PINE RICHLAND (KDKA) – It is the first day of school for many area students, but in one school district, there was a fight over whether a student’s service dog should be allowed in the classroom.

Getting on the bus today meant so much to 8-year-old Sean Forsyth. After months of uncertainty, he was finally given approval by the school board to allow his service dog in school.

On his first day of third grade, it was a monumental step for the Forsyth family as Sean got on board the school bus with his dog by his side.

Sophia was forced to stay home last school year. Getting permission from the Pine Richland School District became a battle for the Forsyth family that they weren’t willing to back down from.

“In second grade, I really missed her. I thought of her all the time. At school, every single thing. When I was working, while at recess, while at lunch. Thought of her all day,” Sean said.

“We basically said, there’s no reason to keep the dog out of the school. It’s a service animal. It’s providing a service,” B.J. Forsyth said.

Sophia is trained to help Sean, who was diagnosed with Asperger’s, which is a form of autism. The calming effect she brings is why it was so important for Sophia to be with him at school.

“She just gives me kisses every time I’m near her,” Sean said. “She makes me feel better whenever I’m nervous.”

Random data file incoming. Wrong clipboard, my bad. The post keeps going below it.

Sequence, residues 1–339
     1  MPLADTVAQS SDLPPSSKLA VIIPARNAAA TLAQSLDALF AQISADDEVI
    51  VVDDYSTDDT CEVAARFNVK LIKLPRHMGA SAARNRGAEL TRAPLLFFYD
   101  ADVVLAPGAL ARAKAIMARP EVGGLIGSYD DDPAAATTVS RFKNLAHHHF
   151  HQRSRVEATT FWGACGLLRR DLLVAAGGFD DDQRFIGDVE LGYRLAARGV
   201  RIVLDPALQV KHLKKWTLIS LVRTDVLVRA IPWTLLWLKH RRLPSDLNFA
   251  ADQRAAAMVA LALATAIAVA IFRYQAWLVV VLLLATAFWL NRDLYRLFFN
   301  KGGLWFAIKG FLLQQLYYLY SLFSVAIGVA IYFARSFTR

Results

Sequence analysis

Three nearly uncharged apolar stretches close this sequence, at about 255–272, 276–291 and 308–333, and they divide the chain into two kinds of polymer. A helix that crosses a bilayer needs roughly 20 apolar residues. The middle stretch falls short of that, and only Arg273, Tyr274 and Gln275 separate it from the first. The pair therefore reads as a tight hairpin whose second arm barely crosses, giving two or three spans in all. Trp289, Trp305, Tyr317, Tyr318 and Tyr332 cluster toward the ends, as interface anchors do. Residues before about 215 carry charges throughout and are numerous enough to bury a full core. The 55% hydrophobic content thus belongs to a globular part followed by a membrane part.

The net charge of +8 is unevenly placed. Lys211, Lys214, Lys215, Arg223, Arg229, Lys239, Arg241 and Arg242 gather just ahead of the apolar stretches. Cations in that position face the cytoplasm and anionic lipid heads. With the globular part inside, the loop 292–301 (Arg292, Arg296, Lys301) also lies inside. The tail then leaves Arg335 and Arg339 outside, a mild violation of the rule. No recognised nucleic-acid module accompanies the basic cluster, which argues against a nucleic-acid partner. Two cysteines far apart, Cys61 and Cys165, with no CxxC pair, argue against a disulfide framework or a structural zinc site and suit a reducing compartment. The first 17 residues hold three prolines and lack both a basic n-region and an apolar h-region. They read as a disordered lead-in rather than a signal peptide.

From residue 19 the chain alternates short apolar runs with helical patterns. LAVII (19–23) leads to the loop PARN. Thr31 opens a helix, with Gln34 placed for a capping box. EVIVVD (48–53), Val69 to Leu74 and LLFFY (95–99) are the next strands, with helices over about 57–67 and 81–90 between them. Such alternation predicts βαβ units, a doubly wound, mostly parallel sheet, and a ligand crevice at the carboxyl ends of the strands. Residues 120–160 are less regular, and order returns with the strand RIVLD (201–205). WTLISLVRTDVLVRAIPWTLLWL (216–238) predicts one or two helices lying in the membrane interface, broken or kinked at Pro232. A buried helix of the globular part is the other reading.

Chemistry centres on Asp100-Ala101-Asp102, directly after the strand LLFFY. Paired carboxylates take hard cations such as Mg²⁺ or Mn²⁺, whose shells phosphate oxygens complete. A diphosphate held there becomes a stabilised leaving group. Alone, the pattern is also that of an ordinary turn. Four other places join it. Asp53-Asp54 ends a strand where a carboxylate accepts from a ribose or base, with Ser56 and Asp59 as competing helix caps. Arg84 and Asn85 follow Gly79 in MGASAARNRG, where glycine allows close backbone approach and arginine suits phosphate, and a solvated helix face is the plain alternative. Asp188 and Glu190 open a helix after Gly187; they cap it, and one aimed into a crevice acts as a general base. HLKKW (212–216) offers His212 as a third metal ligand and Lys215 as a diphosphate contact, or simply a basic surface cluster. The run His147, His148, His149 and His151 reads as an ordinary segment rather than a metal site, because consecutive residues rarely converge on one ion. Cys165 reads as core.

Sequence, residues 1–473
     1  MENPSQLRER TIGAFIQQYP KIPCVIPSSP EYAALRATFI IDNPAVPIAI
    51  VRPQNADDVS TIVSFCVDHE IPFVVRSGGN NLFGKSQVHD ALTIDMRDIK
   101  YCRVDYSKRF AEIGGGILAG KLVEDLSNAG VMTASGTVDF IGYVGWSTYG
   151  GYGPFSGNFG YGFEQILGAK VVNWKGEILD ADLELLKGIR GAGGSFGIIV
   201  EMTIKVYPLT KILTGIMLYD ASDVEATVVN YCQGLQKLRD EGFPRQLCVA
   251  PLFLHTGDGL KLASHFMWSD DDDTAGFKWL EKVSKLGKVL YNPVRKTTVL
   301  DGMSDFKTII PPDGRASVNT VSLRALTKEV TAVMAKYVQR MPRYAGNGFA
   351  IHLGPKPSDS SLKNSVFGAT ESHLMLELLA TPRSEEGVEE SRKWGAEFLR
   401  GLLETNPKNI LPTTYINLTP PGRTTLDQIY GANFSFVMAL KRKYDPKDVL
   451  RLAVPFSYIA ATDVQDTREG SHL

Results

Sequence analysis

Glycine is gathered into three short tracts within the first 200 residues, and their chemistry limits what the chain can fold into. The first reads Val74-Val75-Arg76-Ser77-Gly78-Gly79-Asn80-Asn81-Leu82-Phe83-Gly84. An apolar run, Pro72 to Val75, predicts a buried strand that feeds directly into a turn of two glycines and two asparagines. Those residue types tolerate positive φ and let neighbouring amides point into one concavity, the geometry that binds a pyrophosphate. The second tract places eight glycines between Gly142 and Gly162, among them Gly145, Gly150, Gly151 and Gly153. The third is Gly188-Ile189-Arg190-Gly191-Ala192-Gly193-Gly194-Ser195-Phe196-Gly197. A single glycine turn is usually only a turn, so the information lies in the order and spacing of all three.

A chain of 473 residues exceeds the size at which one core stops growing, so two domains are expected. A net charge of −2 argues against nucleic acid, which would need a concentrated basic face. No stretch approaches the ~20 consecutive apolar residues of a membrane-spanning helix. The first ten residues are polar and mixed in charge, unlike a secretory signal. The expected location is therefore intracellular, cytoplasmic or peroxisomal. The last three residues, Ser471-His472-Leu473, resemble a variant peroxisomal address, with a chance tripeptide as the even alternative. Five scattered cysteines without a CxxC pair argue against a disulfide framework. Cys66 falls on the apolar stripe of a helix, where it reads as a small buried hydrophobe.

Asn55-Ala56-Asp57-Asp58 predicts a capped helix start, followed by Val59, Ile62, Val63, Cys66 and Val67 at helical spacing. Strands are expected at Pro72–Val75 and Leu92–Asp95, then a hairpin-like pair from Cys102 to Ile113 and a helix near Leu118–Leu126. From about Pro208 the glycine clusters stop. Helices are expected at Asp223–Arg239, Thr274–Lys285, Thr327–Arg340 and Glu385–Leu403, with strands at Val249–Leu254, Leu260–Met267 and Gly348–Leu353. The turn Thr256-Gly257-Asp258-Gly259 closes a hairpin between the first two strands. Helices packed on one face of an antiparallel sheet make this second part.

In June, after receiving legal help and providing all the documentation necessary, Sophia finally got the approval the family and Sean were hoping for.

Sean has spent the last few weeks training with Sophia in school and on the bus preparing for today. The family said it feels like they broke down a wall.

“Once they see this is a success, there won’t be that barrier there anymore,” B.J. Forsyth said.

Moving forward, the family said they hope to keep the lines of communication open with the school district and make any modifications necessary.

The Pine-Richland School District issued this statement today:

“The district takes all requests seriously, especially when it’s in the best interest of the child.

To comply with the American Disabilities Act, the family needed to show what specific task the service animal performed.

The family has done so since, which allowed the district to determine that the request fell within those guidelines.”


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